What is a Sommelier, anyway?
When I told my mom and dad that I was going to take my love for wine into a more formal direction and become a sommelier (pronounced: sohm-ma-lee-yeah), they exchanged looks that I read as 1) does this mean she is going to buy MORE wine then she already does and 2) what the heck is a sommelier?
According to Karen MacNeil, she explains the definition as “The French Term for a wine steward” and goes on to state that many US sommeliers prefer to use the term wine steward as the stereotype of a sommelier is “one who is skilled at making people feel inadequate as he was at wine”.
These days, sommeliers that I know are trying hard to reverse this kind of stereotype. In fact, all of the Master Somms (wine speak since, let’s face it, “sommelier” is quite a mouth full!) that I trained with see themselves as the teachers they are and not as someone who is above the common wine person.
There are many hats that a sommelier can wear and it is true that a “sommelier” title can be used without actually being earned. A sommelier is responsible for the wine list, training the staff on the wines available and must also have a deep knowledge on wine, spirits and other beverages. This working knowledge of the flavors and body of wine and beverages also means that a sommelier works with the chef to develop the best food and wine pairings.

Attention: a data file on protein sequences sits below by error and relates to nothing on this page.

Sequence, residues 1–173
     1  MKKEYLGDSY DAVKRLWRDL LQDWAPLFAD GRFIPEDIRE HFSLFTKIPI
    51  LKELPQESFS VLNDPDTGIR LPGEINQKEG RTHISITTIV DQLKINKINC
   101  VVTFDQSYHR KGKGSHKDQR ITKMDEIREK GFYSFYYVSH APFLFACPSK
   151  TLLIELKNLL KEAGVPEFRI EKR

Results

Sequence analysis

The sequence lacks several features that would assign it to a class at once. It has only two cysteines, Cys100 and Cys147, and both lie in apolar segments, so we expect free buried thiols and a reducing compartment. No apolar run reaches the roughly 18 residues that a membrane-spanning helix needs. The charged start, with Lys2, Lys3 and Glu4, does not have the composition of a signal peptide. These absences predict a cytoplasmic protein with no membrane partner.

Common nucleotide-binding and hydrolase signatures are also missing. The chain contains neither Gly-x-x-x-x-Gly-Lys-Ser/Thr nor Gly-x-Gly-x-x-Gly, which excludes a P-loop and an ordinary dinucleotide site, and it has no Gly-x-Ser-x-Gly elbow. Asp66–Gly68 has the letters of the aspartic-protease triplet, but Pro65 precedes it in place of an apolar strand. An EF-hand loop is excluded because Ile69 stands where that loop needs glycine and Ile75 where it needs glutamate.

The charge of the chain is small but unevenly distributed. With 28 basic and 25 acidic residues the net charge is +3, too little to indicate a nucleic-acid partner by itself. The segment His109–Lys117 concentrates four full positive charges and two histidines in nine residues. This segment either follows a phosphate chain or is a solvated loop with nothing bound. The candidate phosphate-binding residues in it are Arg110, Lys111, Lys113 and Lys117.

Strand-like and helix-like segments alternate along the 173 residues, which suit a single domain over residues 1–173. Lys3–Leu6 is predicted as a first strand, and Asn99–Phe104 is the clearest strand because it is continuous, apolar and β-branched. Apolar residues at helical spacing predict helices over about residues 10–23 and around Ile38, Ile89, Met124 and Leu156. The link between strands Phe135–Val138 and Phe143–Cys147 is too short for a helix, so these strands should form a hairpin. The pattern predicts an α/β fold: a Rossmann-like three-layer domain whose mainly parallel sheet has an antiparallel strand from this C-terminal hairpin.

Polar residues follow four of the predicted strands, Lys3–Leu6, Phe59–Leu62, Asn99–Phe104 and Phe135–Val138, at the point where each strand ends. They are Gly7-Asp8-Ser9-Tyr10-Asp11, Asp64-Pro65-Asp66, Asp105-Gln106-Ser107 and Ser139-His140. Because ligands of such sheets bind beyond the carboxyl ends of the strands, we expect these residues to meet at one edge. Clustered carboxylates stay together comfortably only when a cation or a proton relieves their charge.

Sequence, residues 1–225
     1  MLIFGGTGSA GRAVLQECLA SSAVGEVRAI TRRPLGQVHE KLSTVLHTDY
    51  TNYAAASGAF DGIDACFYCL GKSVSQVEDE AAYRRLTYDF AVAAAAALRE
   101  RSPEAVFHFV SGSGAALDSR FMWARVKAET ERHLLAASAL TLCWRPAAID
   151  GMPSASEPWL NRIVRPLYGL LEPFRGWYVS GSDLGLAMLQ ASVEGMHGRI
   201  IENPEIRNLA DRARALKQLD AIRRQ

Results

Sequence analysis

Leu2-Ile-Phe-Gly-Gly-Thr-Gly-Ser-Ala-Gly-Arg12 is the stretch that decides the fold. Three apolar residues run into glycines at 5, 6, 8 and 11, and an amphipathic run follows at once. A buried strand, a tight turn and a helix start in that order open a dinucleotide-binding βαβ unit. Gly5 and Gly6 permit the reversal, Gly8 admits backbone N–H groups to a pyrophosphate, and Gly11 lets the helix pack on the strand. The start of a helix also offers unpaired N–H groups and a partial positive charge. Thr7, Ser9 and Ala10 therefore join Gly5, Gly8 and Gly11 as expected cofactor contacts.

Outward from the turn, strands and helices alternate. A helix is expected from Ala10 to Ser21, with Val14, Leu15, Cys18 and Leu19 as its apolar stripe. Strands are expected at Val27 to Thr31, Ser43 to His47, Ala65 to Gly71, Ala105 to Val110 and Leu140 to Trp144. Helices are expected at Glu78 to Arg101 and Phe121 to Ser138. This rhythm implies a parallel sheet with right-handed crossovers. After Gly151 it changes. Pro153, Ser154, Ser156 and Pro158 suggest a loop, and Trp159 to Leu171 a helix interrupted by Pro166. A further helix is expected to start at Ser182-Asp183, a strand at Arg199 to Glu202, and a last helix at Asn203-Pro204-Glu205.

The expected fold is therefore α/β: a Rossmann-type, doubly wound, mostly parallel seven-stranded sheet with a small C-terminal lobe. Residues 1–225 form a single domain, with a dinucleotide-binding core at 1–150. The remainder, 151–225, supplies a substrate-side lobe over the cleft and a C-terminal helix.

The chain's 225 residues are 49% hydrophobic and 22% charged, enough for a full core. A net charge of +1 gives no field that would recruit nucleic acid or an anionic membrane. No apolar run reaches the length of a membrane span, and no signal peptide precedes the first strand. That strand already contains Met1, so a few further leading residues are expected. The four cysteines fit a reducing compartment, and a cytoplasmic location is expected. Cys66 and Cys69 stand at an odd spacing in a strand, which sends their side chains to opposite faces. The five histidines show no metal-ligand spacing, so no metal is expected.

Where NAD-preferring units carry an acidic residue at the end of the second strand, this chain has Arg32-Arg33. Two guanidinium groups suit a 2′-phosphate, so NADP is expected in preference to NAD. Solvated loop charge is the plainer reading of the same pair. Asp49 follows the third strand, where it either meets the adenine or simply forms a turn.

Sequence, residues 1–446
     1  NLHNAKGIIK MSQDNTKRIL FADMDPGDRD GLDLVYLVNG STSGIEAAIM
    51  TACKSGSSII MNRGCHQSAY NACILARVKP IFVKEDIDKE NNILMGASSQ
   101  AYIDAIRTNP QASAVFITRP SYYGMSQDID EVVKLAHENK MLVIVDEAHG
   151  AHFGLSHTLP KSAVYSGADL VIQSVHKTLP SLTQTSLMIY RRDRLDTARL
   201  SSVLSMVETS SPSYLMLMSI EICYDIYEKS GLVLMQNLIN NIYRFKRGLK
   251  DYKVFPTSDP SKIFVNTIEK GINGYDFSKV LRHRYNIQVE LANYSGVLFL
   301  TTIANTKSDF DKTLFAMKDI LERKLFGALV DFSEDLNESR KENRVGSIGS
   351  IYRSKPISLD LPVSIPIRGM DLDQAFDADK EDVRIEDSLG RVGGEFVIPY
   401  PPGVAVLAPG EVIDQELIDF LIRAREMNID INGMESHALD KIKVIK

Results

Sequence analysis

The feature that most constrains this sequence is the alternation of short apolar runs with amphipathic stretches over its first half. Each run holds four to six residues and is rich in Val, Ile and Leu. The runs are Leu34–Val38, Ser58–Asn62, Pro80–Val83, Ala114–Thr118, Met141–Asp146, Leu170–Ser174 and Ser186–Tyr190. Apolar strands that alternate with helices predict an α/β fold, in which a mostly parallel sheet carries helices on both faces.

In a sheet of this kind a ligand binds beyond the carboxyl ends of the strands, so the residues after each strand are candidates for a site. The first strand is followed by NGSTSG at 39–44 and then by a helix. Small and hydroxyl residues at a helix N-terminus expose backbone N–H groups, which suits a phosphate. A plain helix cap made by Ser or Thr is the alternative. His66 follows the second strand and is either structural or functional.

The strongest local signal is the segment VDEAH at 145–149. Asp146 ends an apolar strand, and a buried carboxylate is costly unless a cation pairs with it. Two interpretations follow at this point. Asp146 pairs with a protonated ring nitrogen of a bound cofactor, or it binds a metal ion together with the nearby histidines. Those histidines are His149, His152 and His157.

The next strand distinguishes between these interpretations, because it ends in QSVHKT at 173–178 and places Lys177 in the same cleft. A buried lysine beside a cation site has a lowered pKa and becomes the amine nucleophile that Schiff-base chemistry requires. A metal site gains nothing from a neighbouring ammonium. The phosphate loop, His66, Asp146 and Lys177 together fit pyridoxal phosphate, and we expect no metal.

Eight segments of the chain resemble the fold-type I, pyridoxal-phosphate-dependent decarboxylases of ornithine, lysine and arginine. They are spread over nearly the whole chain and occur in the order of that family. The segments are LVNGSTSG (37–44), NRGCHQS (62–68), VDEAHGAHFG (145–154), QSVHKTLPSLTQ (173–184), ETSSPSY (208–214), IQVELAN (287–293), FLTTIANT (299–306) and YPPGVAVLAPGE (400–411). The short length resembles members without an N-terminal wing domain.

Becoming a professional, certified sommelier takes some real dedicated training and a formal examination given by a certifying associations, of which there are many. In fact, many different countries have their own certifying associations, so there is no “one” certification. A couple different examples of the certifications out there are:
Court of Master Sommeliers – founded in 1977 and offers 4 different levels of certification (Introductory, Certified, Advanced and Master). For a good idea of what kind of knowledge, in both wine and service is required to become a Master, check out the documentary, “SOMM” by Jason Wise. (http://www.imdb.com/title/tt2204371/)
Wine & Spirit Education Trust – (also known as the WSET) founded in 1969 and Britain based institution and offers 5 levels of certification.
Society of Wine Educators – also founded in 1977 and offers 4 different certifications on wine education, spirit education and hospitality/beverage certification.
So, long explanation in a more concise sentence. A sommelier is knowledgeable about not only wine but also spirits and service. They should be seen as the person that can find you the best bottle for your budget, for your meal or just for your drinking pleasure and should never make you feel uncomfortable or bad about your choice.
(MacNeil, Karen. The Wine Bible. New York: Workman Publishing, 2001. Print)